One of the most common arguments used when it is realized that a person's preferred policy isn't authorized by the Constitution is to argue that it is a "Living Constitution", open to changing with the winds of time. "Constitutional Originalism", they say, is "extremist". As if believing the founders meant what they said and intended it to be law is some idea out of a fantasy novel.
While some pundits in the media and the intellectuals that roam our college campuses have come up with complex explanations that they feel justify this view, one must only ask a few simple questions to call their claims into question.
If the framers really intended the Constitution to be a living document, one in which the words could be construed to mean different things as time passed, why did they include a way to amend it? If the document is living and the meaning of the words so easily changed by judicial activism, what is the point of going through a process to amend the document at all?
The drafters of the Constitution were dedicated students of history, they understood full well where they were coming from, and that political realities would change in the future. That is why they included a way for us to change it over 200 years later if new realities indeed made it necessary.
Of course, the process is not a simple one. Amending the Constitution takes time, and ultimately a three-fourths majority of the states have to agree to the change. No easy process to be sure. The adherents of the Living Constitution argue that this process is too arduous. However, it was made so difficult deliberately. The framers understood the dangers that come with centralized accumulation of power. The Constitution was put in place to protect us from that. Any change must be carefully considered, and ultimately widely agreed upon, to assure no easy growth of tyranny. Arduous though it may be, it has been done 17 times since the Bill of Rights was added as the first 10 amendments. It can be done.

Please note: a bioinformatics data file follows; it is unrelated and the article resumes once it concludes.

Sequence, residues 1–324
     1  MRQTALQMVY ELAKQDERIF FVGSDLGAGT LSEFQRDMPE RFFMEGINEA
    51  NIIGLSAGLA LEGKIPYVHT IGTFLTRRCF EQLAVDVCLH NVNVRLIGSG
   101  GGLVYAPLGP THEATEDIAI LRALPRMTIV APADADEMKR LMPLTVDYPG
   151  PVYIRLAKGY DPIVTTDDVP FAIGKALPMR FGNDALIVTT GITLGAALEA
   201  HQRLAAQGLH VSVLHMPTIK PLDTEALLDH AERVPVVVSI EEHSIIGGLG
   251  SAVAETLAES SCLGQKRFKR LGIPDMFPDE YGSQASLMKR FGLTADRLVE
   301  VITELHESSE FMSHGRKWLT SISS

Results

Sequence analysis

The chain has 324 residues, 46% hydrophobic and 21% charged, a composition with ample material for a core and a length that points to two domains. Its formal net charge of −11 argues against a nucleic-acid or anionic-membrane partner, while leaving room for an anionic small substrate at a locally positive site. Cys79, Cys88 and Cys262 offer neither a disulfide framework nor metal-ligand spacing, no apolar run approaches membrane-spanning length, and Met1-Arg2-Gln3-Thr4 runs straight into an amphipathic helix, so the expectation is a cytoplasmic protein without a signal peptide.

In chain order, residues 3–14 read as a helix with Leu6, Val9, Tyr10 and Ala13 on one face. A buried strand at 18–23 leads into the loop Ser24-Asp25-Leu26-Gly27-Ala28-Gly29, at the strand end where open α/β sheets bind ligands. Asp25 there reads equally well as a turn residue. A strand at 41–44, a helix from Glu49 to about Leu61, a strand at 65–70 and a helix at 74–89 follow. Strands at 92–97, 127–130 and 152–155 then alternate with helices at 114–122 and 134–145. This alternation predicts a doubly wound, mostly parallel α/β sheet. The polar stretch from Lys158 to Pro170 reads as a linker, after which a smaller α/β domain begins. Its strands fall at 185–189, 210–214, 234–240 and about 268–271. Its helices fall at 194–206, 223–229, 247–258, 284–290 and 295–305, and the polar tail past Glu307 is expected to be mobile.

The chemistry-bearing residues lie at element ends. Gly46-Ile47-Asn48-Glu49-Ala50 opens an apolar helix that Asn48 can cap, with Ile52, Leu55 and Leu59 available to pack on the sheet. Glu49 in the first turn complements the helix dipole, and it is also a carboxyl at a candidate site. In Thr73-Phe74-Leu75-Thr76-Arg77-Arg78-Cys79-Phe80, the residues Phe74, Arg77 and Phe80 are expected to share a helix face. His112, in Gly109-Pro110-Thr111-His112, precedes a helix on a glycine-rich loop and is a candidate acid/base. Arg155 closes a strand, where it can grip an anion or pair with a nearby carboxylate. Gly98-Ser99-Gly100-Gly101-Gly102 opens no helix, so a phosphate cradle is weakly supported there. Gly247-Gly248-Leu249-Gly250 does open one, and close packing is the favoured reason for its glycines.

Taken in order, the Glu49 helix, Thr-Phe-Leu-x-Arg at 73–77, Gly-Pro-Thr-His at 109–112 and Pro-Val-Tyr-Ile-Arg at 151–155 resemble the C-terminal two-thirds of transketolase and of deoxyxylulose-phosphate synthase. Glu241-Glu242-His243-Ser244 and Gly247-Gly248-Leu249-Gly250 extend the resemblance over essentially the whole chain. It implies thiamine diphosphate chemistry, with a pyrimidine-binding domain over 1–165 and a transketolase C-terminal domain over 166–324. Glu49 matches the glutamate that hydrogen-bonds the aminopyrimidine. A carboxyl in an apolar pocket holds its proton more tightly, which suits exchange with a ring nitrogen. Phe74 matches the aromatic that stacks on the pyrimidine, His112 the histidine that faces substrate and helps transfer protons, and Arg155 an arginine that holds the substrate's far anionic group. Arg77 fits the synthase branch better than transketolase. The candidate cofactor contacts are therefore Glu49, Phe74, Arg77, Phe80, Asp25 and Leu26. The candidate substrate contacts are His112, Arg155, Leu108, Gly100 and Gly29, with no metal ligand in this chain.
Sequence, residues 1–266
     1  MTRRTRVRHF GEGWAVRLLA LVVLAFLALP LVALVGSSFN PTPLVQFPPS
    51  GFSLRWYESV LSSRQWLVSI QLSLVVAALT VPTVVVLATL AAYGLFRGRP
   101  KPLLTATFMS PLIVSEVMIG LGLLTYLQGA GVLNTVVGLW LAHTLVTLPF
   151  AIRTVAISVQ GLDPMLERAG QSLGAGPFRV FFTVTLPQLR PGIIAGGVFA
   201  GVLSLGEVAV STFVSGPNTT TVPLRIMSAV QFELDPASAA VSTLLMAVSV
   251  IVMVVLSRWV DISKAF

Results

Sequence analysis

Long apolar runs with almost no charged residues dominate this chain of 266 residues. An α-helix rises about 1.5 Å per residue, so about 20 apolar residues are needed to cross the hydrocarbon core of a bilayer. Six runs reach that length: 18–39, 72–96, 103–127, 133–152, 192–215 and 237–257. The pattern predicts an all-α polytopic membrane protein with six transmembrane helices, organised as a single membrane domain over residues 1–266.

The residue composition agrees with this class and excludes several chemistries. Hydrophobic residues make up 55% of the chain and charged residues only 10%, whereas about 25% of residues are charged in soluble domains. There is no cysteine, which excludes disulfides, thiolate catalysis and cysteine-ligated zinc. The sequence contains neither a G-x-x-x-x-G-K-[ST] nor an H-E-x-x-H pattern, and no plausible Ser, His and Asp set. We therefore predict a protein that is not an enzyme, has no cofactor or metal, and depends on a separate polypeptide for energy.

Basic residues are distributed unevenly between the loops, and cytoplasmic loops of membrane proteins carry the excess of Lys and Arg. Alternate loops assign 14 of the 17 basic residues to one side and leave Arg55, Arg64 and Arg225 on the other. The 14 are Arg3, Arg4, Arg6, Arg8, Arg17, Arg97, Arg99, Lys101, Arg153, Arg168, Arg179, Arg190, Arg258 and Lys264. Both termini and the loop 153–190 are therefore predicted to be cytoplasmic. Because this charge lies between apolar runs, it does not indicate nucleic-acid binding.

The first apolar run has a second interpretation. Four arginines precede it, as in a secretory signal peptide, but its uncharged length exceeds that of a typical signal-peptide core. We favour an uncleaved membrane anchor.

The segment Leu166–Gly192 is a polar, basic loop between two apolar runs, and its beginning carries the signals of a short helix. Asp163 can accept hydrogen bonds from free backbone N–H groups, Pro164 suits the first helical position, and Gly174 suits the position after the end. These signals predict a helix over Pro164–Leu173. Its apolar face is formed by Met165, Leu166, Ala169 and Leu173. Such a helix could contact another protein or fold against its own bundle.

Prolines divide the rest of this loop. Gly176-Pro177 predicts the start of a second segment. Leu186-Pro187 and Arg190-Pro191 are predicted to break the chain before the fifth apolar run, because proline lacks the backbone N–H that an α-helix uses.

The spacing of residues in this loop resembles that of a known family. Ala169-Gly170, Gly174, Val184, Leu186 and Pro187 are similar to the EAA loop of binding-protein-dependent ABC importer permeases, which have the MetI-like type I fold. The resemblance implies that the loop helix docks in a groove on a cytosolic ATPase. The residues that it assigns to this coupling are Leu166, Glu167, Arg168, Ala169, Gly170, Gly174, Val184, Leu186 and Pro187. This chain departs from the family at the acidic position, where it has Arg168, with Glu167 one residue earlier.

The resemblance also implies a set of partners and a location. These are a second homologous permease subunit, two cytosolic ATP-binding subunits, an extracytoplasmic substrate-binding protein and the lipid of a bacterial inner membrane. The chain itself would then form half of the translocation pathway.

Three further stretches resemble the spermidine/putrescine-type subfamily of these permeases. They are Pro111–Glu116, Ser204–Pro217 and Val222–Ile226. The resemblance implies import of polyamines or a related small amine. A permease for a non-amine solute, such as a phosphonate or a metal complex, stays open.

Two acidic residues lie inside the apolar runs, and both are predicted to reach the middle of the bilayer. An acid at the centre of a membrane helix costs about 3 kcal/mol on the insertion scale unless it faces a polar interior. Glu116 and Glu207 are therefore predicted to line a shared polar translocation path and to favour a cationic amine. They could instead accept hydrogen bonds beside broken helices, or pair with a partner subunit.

Why, if the framers intended it to be a living document, did they painstakingly debate every word of it? Why did they enumerate powers? Why not just have a simple system where the legislature passes laws without restriction, and the president can sign or veto it? Or better yet in the eyes of some, why not just have a legislature that merely makes suggestions to the executive, with the executive free to take that advice or not? Why even have a Supreme Court? There need not be anyone to check the power of government if there was never any intention to strictly follow the law!
No, none of this matters to the adherents of the Living Constitution. We must all succumb to their version of "common sense" reform and change.
If their ideas are indeed such common sense, why is it they cannot gather enough support to amend the constitution?
Indeed, their lack of ability to persuade us shows that their ideas aren't common sense at all, but are still open to debate. The original intent of the Constitution allows for change of common sense, the Living Constitution crowd just doesn't have much of it.